What is an Antigen?
The human immune system will attack any foreign substance entering the body by generating antibodies which will attack and destroy them. Hence, these substances which trigger antibody creation are called antigens.
Now there are various useful sugars and proteins on the surface of our red blood cells, which our immune system might otherwise mistake to be foreign bodies and generate antibodies to kill them. However, our immune system is trained to ignore these self antigens (the antigens which are generated inside our body).
The human blood group classification is based on these antigens on our Red Blood Cells (RBC), and there are around 32 Human Blood Group classifications based on the various antigen groups.
What is ABO Blood Group Classification?
ABO is a classification of human blood group based on the presence or absence of A or B antigens.
So if your blood has only A antigens, then your blood group is A, if it has only B antigens, then your blood group is B, if it has both of these, then your blood group is AB, and if it has neither, then your blood group is O. Simple, isn’t it?
Now the reason for taking into account this group for blood transfusion is that, if you have A antigen (A Blood Group), then the human immune system will not attack A antigens if the donor’s blood contains A. However if a person with B or AB blood group is given to a person whose blood group is A, then the recipient’s body will attack the B antigens in the received blood as it has not been trained to ignore B antigens. Similarly if A or AB or B blood is given to a person whose blood group is O, then it will attack both A and B antigens. So mismatching blood transfusion can be fatal. And it is for this reason that AB is Universal Recipient as the person’s blood will reject neither A or B antigens, while the O group is Universal Donor as it has no A or B antigens which can be rejected by the recipient’s body.
So what about blood groups like B+ve and O-ve which we keep hearing about?
The Rh Blood Group Classification
The second most important classification of human blood group is based on Rh antigens. While the ABO classification is based on the two antigens A and B, the Rh group has 50 antigens! However, the main Rh classification is based on one single antigen of special importance, called the D antigen. So, if your blood has the Rh D antigen, then your blood group is Rh positive, else it is Rh negative. The reason for the importance of this antigen is that a mismatch in the D antigen can prove fatal during blood transfusion, just like it does in AB antigen mismatch.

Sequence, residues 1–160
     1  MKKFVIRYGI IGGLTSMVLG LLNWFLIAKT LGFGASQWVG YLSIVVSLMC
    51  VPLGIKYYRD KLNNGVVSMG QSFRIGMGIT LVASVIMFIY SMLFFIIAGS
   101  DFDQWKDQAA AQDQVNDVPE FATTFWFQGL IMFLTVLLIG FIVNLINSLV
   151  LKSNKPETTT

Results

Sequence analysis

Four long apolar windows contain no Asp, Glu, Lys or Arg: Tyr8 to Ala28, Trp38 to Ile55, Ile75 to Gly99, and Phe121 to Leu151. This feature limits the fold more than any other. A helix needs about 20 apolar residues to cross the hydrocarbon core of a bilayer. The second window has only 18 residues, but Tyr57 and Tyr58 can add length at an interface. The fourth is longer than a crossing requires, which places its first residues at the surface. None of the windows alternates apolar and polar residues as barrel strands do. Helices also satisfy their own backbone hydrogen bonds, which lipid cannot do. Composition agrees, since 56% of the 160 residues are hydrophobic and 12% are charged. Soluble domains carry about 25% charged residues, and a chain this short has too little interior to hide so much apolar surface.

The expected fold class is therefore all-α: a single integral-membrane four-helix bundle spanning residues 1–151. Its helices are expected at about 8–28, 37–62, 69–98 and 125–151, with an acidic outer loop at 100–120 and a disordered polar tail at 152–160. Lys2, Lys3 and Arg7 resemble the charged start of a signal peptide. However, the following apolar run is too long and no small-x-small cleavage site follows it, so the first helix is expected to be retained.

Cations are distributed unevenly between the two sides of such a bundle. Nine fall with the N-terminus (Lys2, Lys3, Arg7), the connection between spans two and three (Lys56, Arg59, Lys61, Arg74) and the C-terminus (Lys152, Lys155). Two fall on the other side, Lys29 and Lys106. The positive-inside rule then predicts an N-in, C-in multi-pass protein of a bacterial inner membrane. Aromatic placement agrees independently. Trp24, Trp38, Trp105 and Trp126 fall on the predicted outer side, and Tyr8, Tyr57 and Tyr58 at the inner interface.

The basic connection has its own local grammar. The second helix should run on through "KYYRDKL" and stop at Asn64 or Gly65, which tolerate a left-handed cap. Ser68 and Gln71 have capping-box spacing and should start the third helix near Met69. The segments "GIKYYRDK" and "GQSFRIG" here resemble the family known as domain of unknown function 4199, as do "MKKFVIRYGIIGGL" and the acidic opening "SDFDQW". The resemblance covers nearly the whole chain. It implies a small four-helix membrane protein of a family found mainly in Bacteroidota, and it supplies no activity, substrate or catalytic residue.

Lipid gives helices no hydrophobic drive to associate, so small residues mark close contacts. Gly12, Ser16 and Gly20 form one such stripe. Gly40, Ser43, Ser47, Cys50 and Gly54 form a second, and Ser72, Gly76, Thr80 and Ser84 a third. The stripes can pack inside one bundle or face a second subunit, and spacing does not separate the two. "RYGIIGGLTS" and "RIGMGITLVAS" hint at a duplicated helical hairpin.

So A+ve means a blood group which has A antigen and Rh D antigen. O-ve means a blood group which has neither A nor B antigens, nor Rh D antigen. AB-ve means a blood group which has both A and B antigens, but has no Rh D antigen.
Which is why in case of an emergency when there is no time to match for any other antigen reactions, O-ve is the safest blood transfusion that can be done without any prior tests because of the absence of A, B and Rh antigens in it.
Mother’s blood group proving fatal to the newborn
There is a possibility that a mother whose blood group is Rh negative, carries a child whose blood group is Rh positive, and if mother’s blood comes in contact with the fetus blood, then the mother’s immune system upon finding an antigen foreign to its body, Rh D antigen, will produce antibodies against the Rh parties in the fetus blood which can prove fatal to the fetus.
So, if the father is Rh positive and mother is Rh negative, then extra care should be taken during pregnancy. If the mother’s immune system has prior knowledge of Rh D antigen, either due to some previous blood transfusion of Rh +ve blood group, or if this is not the first pregnancy and the earlier pregnancies carried a Rh positive child, then chances are that the mother’s immune system is already aware of Rh D antigen and has antibodies against it ready, which can be of an immediate concern for the fetus health. Tests are done during early stages of pregnancy, and if the mother is Rh -ve and the child is Rh +ve, then an injection which prevents the mother’s immune system from generating antibodies against Rh D antigen is given during pregnancy. This will ensure that the fetus remains unaffected by the fact that the mother’s blood is Rh negative and ensures a safe delivery of the child.
Does Rh -ve indicate purity of blood, alien blood or Reptilian Blood or Blood of the Gods?
Recently came across this theory which suggests that those with Rh negative blood group might be the descendants of ancient alien astronauts. But before that one more fact. Around 85% of humans are Rh positive, which means they have Rh D antigen in their blood, only around 15% are Rh negative which means they do not have Rh D antigen in their blood. This is also the reason why blood groups like O-ve are very rare.
Back to the alien blood group theory which states that:
If all mankind evolved from the same ancestor their blood would be compatible. Where did the Rh negatives come from? If they are not the descendants of prehistoric man, could they be the descendants of the ancient astronauts?
This makes one believe as if Rh negative indicates the “presence of something rare in one’s blood”. But as we learn earlier, Rh negative indicates the “absence of the Rh D antigen” which otherwise is quite abundant in most (85%) humans. So what could be the contribution of alien blood here? Obviously, there is nothing alien here, because there is no alien genes present here, its actually the “absence” of our own genes which produce the Rh D antigen in most humans.